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  • Work for John King Minister of culture. Copy your Jamaican counterpart.

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  • The young have the opportunity to move forward. They need no permission.

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  • Work for the ministers. Free exercise and vitamin D

    ” Cotton pickers are advised that harvesting attire must comprise the following: long sleeve shirts, long pants, headgear (hat, scarf or head tie), and fully enclosed shoes. They should also have an umbrella and water.

    https://barbadostoday.bb/2021/02/28/cotton-harvesting-restarts-tomorrow/

    Like

  • The army of ministers / consultants etc is obviously a safety net (blanket).
    Remember once bitten twice shy.
    It will be up to others to decide if Bajans can be easily bought.
    To the victor goes the spoils.

    Like

  • Virtual crop over music festival ?

    Like

  • It’s appalling that black face leaders, allow these crimes to continue in Black majority countries like Barbados and REFUSE to criminalize these ignorant, intolerate racist haters….but they will now all be exposed to the world on the REGULAR…no more escape hatches because of backward, wicked leaders.

    Like

  • Well, Well, Well.

    President Sarkozy of France has been sent to jail for corruption. Vive la justice francaise!

    Would our justice system in Barbados tolerate the imprisonment of our leaders for similar crimes?

    https://www.aljazeera.com/news/2021/3/1/frances-sarkozy-convicted-of-corruption-sentenced-to-jail

    Like

  • TLSN…good for the little prick, a nasty piece of work. Long overdue.

    Like

  • “The court said Sarkozy, a former lawyer himself, was “perfectly informed” about committing such illegal action. His two co-defendants were also found guilty and handed the same sentence.”

    small island ministers/lawyers also love to pretend that they don’t know when they’re breaking the law, especially human rights laws against Black people, but they always know when the poor does something illegal…..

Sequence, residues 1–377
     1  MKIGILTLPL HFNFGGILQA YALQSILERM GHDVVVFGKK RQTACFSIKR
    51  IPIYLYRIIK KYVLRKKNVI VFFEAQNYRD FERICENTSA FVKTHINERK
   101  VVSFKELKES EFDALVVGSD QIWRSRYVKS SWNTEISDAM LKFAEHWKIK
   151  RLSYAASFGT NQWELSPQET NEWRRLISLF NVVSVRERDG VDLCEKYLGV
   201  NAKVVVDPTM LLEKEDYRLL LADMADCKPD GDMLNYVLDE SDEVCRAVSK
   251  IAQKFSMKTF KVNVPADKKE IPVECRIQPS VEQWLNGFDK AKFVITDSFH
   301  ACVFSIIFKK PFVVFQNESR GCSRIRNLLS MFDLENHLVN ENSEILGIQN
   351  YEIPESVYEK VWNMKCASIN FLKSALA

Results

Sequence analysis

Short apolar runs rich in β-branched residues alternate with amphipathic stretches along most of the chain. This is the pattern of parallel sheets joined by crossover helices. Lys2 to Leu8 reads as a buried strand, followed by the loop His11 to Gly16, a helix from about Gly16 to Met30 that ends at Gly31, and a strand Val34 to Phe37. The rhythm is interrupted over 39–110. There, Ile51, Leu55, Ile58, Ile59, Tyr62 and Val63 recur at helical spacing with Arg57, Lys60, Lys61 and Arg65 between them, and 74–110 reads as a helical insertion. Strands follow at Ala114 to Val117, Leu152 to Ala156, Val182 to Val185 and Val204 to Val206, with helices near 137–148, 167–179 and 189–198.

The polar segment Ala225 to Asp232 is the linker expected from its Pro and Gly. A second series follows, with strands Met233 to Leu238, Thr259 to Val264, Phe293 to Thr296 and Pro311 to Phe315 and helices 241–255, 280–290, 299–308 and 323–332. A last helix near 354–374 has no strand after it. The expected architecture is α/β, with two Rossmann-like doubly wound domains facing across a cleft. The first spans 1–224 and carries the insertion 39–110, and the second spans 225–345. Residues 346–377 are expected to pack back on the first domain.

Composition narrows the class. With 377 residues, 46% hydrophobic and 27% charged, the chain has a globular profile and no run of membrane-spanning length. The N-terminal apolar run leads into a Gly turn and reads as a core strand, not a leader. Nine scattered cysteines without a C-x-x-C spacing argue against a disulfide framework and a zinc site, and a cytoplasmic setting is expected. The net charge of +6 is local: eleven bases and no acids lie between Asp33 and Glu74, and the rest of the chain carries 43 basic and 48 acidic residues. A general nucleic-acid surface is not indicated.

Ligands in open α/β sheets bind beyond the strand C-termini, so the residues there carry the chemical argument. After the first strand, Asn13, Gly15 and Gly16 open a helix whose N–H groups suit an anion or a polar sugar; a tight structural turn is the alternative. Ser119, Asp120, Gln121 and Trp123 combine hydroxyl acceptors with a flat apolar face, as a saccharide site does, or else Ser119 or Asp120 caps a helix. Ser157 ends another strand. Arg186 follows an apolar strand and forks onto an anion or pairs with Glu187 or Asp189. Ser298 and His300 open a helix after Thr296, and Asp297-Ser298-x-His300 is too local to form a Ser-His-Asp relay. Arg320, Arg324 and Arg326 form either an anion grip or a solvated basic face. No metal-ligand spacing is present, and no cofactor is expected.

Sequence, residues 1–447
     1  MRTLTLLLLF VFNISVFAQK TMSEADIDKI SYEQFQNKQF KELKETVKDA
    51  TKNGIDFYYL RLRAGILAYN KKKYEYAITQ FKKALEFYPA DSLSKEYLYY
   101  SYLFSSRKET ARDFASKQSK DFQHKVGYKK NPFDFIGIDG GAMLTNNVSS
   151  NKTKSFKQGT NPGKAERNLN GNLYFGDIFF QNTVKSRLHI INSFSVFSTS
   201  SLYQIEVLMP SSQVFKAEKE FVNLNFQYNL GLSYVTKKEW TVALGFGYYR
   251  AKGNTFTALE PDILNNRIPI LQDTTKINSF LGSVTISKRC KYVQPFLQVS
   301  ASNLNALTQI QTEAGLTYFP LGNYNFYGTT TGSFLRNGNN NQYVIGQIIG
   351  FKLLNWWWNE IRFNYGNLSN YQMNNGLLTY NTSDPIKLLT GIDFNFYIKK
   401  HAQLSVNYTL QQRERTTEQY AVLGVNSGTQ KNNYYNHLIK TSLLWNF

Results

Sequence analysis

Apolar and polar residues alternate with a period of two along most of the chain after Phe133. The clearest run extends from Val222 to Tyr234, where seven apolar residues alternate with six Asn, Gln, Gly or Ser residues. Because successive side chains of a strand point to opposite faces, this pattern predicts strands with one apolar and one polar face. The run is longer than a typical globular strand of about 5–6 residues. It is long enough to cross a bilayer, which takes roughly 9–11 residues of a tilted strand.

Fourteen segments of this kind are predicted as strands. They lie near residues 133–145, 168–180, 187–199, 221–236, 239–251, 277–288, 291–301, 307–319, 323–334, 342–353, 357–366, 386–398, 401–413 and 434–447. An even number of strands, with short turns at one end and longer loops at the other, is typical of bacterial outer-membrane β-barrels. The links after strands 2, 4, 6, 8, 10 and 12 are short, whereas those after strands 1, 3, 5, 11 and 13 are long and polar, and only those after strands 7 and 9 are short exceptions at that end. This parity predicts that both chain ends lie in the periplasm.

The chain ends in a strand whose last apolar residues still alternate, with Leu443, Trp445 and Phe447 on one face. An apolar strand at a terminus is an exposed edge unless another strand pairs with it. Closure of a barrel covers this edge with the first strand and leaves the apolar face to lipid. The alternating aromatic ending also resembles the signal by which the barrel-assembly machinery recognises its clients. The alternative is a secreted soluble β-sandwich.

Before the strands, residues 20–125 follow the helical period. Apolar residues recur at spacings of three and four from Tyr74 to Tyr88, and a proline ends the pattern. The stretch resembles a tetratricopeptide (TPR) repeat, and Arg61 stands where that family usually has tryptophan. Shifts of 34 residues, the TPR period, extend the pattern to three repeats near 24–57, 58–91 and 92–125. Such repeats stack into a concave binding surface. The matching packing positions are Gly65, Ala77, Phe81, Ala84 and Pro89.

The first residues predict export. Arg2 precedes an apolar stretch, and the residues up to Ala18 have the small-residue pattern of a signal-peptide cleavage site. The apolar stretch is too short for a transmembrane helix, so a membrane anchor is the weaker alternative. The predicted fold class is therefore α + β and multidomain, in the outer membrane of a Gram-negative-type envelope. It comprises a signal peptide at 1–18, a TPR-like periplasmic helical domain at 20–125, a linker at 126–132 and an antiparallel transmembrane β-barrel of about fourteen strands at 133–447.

they too will get what’s coming to them…soon come.

    Like

  • It is amazing that only in Barbados will they expect a people whose culture is based on religion, caste and complexion would change once they arrive in Barbados.

    Like

  • Wait them out and get it for $300,000. Doubtful any overseas investors are interested right now with all the turmoil…especially if the Black population spend their money only with each other.

    “[COMMERCIAL PROPERTY FOR SALE]
    Musson Warehouse, Bridgetown, St. Michael
    Floor Area: 26,634 Sq.Ft.
    Land Area: 23,091 Sq. Ft.
    Sale Price: US$ 2,000,000.00
    “[COMMERCIAL PROPERTY FOR SALE]
    Musson Warehouse, Bridgetown, St. Michael
    Floor Area: 26,634 Sq.Ft.
    Land Area: 23,091 Sq. Ft.
    Sale Price: US$ 2,000,000.00
    https://bit.ly/BTMussWHWeb
    This historic 2-storey structure is accessible from both St. George and Hincks Street in Bridgetown. Located across from the historic Lower Green/Jubilee Gardens, it includes a small mall and several shop spaces.”

    Like

  • Those in the parliament and the minority crooks…who the Black population, reparations TOO…..thieves..$50 billions to build SHITE in a St. Lucy Project and NOTHING for the descendants of the enslaved….and acutally told themselves that they’re getting away with another vicious crime like that….

    https://blackamericaweb.com/2021/02/27/reversing-course-obama-says-he-favors-reparations-as-proposed-legislation-gains-more-support/

    “Former President Barack Obama said he believes America owes a debt to the descendants of enslaved Africans, reversing his position on reparations as debate about legislation on the contentious topic gains steam in Congress.”

    Like

  • Those in the parliament and the minority crooks…OWE the Black population, reparations TOO…

    Like

  • @ de minster ah culcha. We got nuff talented Bajan musicians.

    Looking forward to virtual cropover music and shows.

    Like

  • NorthernObserver

    @WW&C
    Wait you think they are not Black overseas investors, or locals, able to buy the old BS&T buildings that Massy are trying to convert to cash. You could open a DOTE Fund and buy one or two.

    Like

  • Northern….did you see the price i quoted, in Bajan dollars…who is going to buy some musty oldbond from the early 19th century or thereabouts for 4 million dollars, in these times, location not withstanding, many people could afford 300K.

    I saw Teets promoting this, did not pay attention at the time, but someone was…

    https://barbadostoday.bb/2021/02/28/btcolumn-open-letter-to-ag-and-gg/

    “Sir and Madam:

    Your government wants to introduce new computer chip national identity with fingerprinting and you offer as reasons that the past government was going to do it and the card will now be secure!

    As reasons those insult intelligence.